News Article | January 9, 2016
Site: phys.org

The great white shark of about 3.5 metres was captured and exhibited in one of the world's rare cases at a Japanese aquarium but died just after three days on January 8, 2016 A great white shark which was captured and exhibited in a Japanese aquarium, one of only a few such sharks to ever be displayed in this way, has died just after three days, the facility said Saturday. The shark, about 3.5 metres (11'5'') in length, was trapped in a fisherman's net and taken to an aquarium on the southern Japanese island of Okinawa on Tuesday. It was exhibited in the Sea of Dangerous Sharks section at Okinawa Churaumi Aquarium, but died on Friday, according to the facility. The aquarium, popular for its giant tanks where it exhibits whale sharks, said it is investigating what caused the death of the fish—of the same species as that featured in Hollywood buster "Jaws". "It is very difficult to keep great white sharks," said Keiichi Sato, an expert in cartilage fish, of the Okinawa Churashima Foundation. Two aquariums in the United States, including Monterey Bay Aquarium in California, have had the species in captive for short periods in the past, he said. "It is rare that the kind of shark is spotted in the coastal waters of Okinawa in the first place, and even if they get caught in a fisherman's net they usually die immediately because they must keep moving at high speed," Sato told AFP. "We have almost no knowledge about (the great white's) nature, so although it died we would like to share what we learnt from this experience with researchers of the world," he added. Explore further: New whale shark study used metabolomics to help understand shark and ray health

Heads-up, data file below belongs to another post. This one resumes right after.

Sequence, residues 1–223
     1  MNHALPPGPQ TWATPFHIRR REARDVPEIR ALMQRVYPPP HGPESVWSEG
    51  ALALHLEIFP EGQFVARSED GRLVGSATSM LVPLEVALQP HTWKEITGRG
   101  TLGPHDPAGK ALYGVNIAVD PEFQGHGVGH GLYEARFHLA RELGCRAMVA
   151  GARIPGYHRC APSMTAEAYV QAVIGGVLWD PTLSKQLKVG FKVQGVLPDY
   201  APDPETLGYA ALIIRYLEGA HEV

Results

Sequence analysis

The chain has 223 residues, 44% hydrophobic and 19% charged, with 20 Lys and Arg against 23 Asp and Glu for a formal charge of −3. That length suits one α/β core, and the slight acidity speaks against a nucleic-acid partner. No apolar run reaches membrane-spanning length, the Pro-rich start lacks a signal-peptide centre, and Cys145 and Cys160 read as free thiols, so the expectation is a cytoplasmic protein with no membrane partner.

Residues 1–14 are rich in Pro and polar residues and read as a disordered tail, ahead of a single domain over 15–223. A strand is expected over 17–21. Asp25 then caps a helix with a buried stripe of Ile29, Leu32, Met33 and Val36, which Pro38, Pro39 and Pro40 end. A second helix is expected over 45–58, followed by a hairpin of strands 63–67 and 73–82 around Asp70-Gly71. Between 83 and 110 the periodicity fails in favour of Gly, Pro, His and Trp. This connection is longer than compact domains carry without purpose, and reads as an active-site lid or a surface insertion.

News Article | November 24, 2016
Site: www.bbc.co.uk

The claws of coconut crabs have the strongest pinching force of any crustacean, according to research. What's more, their maximum crushing force is stronger than the bite force of all land animals, except the alligator. Coconut crabs are remarkably strong, lifting up to 28 kilograms (62lb) - the weight of a small child. They use their claws to fight and defend themselves, as well as to crack open coconut shells. At up to one-metre (3 ft) across, coconut crabs are also the largest of all land-based arthropods - the group that includes insects, spiders and crustaceans. They live on small islands in the tropical Indian and Pacific oceans. Researchers in Japan measured the squeezing force of 29 wild coconut crabs living on Okinawa Island using a sensor. They calculated that a large crab could be expected to exert a squeezing force of more than 3000 newtons, which exceeds other crustaceans, such as lobsters. "The mighty claws of these crabs are useful weapons to deter predators and competitors," say scientists from the Okinawa Churashima Foundation. "In summary, coconut crabs have the ability to exert the greatest force among almost all terrestrial animals." Coconut crabs are well adapted to life on land. Unlike most crabs, they only return to the sea to lay their eggs. They can also climb trees and cut coconuts down. Despite their size and strength, little is known about coconut crabs and whether or not they are a threatened species. Charles Darwin described the coconut crab as of "monstrous size" when he saw them on the Cocos (Keeling Islands) in the Indian Ocean during the voyage of the Beagle. He wrote: "To show the wonderful strength of the front pair of pincers, I may mention that Captain Moresby confined one in a strong tin box, which had held biscuits, the lid being secured with wire; but the crab turned down the edges and escaped. "In turning down the edges it actually punched many small holes quite through the tin!"